Thursday, March 10, 2011


“Poetry should surprise by a fine excess and not by singularity -it should strike the reader as a wording of his own highest thoughts, and appear almost a remembrance.”
-John Keats

Growing up is a strange thing. There is at once the tension between child and parents about the direction the child is going, and on the other hand, the child's emerging vision of themselves as completely removed from the world they have so far dwelt in.

What is it all about, anyway? Perhaps naively, I feel many things are unnecessary. I am going to college, but not because I think it's necessary to success in life because you need a degree etc etc. I'm going because the experience will make me a better person. Yes it will probably help me get a job, and that's included, but it's not the only thing.

Money is so central to things, of course. It's the main problem with being young. There are too many unrealistic impulses--to travel, to live by the sea, to eat expensive food and wear expensive clothes. The thing is, I actually don't care about money at all. It's my parents who are always worried about college debt and things like that. Again, I am not alluding to irresponsibility or carelessness when it comes to money, I am simply illustrating my reflection upon the meaning of money in the world and how counterintuitive it feels. I feel like so much of life just happens, and money is involved but rarely does it matter as immensely as everyone goes on about it. I mean, yes. Okay. If you're horribly in debt, that's going to drastically affect your lifestyle because you'll have to slave away in order to pay it back. But mainly, life is about people. Just saying.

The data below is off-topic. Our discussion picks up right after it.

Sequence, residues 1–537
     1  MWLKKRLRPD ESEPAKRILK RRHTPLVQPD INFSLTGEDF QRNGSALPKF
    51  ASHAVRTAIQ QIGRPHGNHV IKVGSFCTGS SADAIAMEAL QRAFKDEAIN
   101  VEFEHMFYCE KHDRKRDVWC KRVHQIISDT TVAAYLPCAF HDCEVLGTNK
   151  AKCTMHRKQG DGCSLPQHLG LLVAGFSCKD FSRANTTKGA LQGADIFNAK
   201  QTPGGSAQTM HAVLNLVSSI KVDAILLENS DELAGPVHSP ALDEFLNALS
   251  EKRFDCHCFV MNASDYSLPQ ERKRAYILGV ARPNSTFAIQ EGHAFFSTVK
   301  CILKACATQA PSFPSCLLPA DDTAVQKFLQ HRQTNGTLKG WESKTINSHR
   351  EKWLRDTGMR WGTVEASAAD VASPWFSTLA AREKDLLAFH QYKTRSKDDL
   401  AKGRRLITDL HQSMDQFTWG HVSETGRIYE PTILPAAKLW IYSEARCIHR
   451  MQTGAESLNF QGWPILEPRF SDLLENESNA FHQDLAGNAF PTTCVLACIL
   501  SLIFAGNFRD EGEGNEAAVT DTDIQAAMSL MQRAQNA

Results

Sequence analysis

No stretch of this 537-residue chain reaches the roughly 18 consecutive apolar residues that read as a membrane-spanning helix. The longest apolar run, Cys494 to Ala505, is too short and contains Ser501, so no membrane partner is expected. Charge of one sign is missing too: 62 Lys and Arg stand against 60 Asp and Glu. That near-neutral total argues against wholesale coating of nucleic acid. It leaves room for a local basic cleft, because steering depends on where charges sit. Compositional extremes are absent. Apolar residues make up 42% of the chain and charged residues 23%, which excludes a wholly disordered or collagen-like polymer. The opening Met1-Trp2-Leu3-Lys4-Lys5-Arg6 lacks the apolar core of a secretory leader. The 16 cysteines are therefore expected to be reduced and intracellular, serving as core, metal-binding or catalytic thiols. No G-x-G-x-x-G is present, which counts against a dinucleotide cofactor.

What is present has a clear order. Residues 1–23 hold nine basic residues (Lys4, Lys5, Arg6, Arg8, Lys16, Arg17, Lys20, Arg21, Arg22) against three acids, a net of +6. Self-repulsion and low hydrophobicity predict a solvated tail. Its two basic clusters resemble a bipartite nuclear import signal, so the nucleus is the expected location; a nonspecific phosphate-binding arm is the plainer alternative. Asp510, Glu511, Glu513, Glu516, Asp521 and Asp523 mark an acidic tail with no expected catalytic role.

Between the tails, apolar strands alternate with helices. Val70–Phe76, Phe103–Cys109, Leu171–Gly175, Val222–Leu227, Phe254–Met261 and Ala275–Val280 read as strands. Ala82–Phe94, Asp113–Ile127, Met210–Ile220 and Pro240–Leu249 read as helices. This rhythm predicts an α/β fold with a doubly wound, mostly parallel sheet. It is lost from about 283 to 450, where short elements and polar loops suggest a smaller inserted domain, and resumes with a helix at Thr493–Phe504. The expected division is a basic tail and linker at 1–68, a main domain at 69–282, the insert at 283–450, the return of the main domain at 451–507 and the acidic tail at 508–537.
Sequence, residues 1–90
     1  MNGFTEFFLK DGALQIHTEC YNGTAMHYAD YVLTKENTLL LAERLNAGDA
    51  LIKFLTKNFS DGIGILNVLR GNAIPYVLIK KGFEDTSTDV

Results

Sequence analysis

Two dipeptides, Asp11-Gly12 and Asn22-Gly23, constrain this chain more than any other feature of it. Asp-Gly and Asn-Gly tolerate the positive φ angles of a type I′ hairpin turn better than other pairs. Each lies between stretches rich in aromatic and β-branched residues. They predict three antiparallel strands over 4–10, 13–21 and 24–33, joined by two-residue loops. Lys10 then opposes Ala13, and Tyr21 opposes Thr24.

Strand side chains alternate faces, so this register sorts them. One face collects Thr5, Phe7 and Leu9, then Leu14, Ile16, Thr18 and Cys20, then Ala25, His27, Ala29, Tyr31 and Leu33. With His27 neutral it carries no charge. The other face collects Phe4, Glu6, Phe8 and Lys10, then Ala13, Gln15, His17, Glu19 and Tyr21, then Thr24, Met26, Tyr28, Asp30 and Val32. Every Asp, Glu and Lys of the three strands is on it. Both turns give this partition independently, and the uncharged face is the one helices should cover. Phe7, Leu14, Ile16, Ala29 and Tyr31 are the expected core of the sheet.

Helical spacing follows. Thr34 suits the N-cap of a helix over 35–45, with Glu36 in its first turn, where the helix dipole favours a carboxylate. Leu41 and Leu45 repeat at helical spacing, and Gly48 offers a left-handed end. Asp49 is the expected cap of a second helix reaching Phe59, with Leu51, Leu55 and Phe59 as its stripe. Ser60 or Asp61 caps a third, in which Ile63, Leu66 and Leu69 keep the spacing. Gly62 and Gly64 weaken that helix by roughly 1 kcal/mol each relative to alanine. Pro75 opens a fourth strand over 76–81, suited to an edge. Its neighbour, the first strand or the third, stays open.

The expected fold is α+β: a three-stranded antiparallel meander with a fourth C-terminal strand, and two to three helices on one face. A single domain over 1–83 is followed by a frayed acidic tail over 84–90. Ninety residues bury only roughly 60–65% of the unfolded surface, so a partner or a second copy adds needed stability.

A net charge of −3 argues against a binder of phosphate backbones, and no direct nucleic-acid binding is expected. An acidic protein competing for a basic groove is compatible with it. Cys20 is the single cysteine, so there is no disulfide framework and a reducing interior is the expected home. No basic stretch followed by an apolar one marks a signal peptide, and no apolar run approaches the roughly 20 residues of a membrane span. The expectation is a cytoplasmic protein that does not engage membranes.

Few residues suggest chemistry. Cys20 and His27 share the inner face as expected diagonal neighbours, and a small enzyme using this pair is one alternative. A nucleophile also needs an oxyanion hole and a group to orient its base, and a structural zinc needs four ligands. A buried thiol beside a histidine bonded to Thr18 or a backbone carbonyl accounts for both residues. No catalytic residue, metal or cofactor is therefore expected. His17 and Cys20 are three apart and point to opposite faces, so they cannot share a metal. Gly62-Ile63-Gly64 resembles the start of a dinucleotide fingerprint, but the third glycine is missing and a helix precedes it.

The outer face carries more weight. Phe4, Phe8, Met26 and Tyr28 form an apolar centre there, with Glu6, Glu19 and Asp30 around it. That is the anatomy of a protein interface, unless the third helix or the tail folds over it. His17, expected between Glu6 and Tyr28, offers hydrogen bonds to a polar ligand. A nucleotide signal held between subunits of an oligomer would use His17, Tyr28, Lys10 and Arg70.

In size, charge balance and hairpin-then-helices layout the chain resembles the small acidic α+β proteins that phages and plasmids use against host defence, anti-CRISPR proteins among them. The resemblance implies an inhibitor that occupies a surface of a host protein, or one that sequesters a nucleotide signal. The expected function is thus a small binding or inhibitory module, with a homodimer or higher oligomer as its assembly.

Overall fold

I haven't been writing as much as I like because I am so externally focused on what other people think of me (my writing included) that I get paralyzed. I do it for my own enjoyment only when I feel inspired, because I have an inkling the result will be somewhat interesting because of that state. This writing insecurity has been with me awhile. Taking pains to rid myself of it. Will update later. Sorry for the unusual blog.


Zomzara said...

I recommend the book Small is Beautiful (a study of economics as if people mattered) by E.F Schumacher. Here’s 2 good quotes from that book:

Since consumption is merely a means to human well-being, the aim should be to obtain the maximum of well-being with the minimum of consumption.... The less toil there is, the more time and strength is left for artistic creativity. Modern economics, on the other hand, considers consumption to be the sole end and purpose of all economic activity.

Buddhist economics must be very different from the economics of modern materialism, since the Buddhist sees the essence of civilisation not in a multiplication of wants but in the purification of human character. Character, at the same time, is formed primarily by a man's work. And work, properly conducted in conditions of human dignity and freedom, blesses those who do it and equally their products.

Matt The Nelson said...

Pure Awesomesauce. Thanks for the words of wisdom!

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